Six bodies uplifted from White Island
The New Zealand team tasked with retrieving the bodies of those killed in a volcanic eruption on White Island have airlifted six bodies off White Island and onto a navy vessel.
Police announced the development at 11.17am NZDT Friday, four days after the blast on Monday and several hours after commencing the high-risk mission.
Six of the bodies on the island, also known as Whakaari, are believed to be those of Australians.
Police had foreshadowed their inability to locate all eight bodies believed to be on the island, with surveillance only identifying six among the debris and ash.
They only planned to look for the remaining two if there was time and it was safe.
It is unclear whether they will continue to search.
The high-risk mission took place despite raised seismic activity in the wake of Monday's blast.
GNS Science warned there was a 50 to 60 per cent chance of a further eruption, posing a major threat to the operation and the lives of the team on Whakaari.
An update issued while they were on the island said the "level of volcanic tremor has dropped but remains very high compared to pre-eruption levels".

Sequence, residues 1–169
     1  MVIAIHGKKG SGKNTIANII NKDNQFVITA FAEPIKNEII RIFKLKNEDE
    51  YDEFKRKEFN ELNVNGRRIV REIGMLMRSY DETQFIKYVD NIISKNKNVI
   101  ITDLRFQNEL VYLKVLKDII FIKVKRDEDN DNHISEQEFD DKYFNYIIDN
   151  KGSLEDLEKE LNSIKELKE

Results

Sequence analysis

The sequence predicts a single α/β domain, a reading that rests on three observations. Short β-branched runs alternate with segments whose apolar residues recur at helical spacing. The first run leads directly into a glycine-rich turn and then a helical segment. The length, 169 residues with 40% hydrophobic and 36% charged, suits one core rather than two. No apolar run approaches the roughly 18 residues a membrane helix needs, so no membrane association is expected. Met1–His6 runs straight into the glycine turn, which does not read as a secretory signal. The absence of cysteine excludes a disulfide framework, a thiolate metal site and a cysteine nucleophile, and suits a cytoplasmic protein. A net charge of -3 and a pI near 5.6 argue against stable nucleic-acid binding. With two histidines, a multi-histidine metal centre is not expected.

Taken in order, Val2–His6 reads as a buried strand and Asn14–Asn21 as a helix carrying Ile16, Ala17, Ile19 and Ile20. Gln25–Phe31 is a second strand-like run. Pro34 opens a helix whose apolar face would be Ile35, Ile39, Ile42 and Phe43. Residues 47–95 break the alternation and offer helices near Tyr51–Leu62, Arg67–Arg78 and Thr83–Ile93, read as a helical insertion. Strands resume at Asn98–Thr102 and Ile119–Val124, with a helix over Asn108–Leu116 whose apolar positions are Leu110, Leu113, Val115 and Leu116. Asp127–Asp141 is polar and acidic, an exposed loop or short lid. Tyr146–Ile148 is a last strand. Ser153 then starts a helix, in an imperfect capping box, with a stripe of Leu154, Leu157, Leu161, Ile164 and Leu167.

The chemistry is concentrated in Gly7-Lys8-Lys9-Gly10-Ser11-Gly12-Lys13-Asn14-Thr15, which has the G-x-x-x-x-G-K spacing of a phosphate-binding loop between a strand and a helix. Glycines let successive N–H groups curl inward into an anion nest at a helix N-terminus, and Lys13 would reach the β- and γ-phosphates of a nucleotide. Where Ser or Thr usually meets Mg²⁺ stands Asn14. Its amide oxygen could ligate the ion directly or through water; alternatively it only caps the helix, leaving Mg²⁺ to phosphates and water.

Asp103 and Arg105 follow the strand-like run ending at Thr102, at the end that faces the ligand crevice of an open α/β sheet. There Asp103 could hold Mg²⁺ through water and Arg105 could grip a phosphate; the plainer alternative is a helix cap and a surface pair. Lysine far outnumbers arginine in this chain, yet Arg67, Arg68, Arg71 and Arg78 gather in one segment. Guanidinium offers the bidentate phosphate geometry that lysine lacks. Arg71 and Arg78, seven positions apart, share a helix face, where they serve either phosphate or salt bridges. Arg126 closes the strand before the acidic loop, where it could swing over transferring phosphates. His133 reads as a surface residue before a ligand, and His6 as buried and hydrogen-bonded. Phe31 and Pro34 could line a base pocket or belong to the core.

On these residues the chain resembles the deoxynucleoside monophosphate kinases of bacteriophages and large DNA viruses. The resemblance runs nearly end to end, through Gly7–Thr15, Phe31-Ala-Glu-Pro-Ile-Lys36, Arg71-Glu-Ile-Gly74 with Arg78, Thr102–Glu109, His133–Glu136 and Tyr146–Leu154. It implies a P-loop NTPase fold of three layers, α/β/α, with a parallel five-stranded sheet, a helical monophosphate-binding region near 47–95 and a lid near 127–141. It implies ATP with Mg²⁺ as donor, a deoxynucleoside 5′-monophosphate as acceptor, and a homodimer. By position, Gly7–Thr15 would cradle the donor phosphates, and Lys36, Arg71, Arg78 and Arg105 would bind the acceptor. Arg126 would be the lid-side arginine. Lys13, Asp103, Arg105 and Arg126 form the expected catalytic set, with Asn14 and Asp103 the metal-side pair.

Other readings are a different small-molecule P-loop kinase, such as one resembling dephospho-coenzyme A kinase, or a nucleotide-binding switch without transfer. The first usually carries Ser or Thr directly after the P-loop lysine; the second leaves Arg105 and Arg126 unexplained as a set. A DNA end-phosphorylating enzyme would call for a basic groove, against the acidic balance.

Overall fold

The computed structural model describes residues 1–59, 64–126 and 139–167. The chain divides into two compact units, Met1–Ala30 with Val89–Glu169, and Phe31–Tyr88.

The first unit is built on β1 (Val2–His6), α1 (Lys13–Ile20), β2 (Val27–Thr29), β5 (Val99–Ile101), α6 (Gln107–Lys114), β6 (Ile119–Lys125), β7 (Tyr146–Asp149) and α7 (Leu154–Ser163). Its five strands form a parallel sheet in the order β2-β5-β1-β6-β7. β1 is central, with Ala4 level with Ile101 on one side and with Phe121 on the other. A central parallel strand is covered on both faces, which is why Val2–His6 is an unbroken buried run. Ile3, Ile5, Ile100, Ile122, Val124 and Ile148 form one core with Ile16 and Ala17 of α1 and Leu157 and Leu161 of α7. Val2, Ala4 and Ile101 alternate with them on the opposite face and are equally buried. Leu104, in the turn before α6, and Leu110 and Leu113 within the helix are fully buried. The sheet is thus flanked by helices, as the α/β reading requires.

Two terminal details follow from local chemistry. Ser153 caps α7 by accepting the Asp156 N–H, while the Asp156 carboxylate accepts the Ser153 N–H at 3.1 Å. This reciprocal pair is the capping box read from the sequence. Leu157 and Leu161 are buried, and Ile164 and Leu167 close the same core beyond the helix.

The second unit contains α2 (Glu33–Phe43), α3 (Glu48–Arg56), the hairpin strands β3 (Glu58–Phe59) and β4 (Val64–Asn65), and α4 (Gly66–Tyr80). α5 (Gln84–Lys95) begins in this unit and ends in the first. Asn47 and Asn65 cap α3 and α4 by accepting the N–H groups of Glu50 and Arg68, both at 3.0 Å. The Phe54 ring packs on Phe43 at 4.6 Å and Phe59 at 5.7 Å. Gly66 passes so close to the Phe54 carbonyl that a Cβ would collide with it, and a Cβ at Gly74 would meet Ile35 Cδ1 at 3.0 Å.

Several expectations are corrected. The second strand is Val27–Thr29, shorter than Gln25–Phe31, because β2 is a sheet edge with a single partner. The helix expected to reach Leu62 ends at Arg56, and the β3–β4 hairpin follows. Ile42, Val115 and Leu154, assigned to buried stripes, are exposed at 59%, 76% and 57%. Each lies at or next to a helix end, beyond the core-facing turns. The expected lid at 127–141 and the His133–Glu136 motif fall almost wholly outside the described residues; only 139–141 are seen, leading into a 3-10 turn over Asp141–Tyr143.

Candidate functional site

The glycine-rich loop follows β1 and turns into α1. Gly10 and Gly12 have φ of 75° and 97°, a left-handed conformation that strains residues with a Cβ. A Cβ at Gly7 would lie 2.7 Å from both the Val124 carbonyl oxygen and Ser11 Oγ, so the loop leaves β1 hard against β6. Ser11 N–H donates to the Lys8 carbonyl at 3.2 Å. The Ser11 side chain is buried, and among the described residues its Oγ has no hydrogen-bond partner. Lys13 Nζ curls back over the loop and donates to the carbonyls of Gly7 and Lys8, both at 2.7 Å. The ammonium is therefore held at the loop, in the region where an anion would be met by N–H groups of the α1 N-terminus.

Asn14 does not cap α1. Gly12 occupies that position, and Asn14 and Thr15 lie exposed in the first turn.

Instead of opting for a plan to spend as little time on the island as possible, NZ Defence Force members - believed to be SAS soldiers - spent hours on the surface of the active volcano.
"The equipment that the operators are wearing on the island is significant in terms of its weight and how it restricts movement," New Zealand police deputy commissioner Mike Clement said.
Clement paid tribute to the fortitude of those conducting the mission.
"Everybody has a rich appreciation of the absolute bravery of everyone involved, particularly those going onto the island," he said
"They will say 'it's their job' but the reality is we need people like that to do their job to get beyond moments like this."
Alongside the defence and police vessels used in the operation, family representatives and Maori community members also headed out into the Bay of Plenty at first light on Friday.
They conducted a spiritual service close to the island before returning to shore, embracing remaining family members.
Some 47 people, including 24 Australian citizens, were on the island when the volcano erupted.
Eight Australians are confirmed dead, two are presumed to have died and 13 are in hospital fighting for their lives with severe burns.
The official given by NZ authorities stands at eight, with a presumptive toll of 16.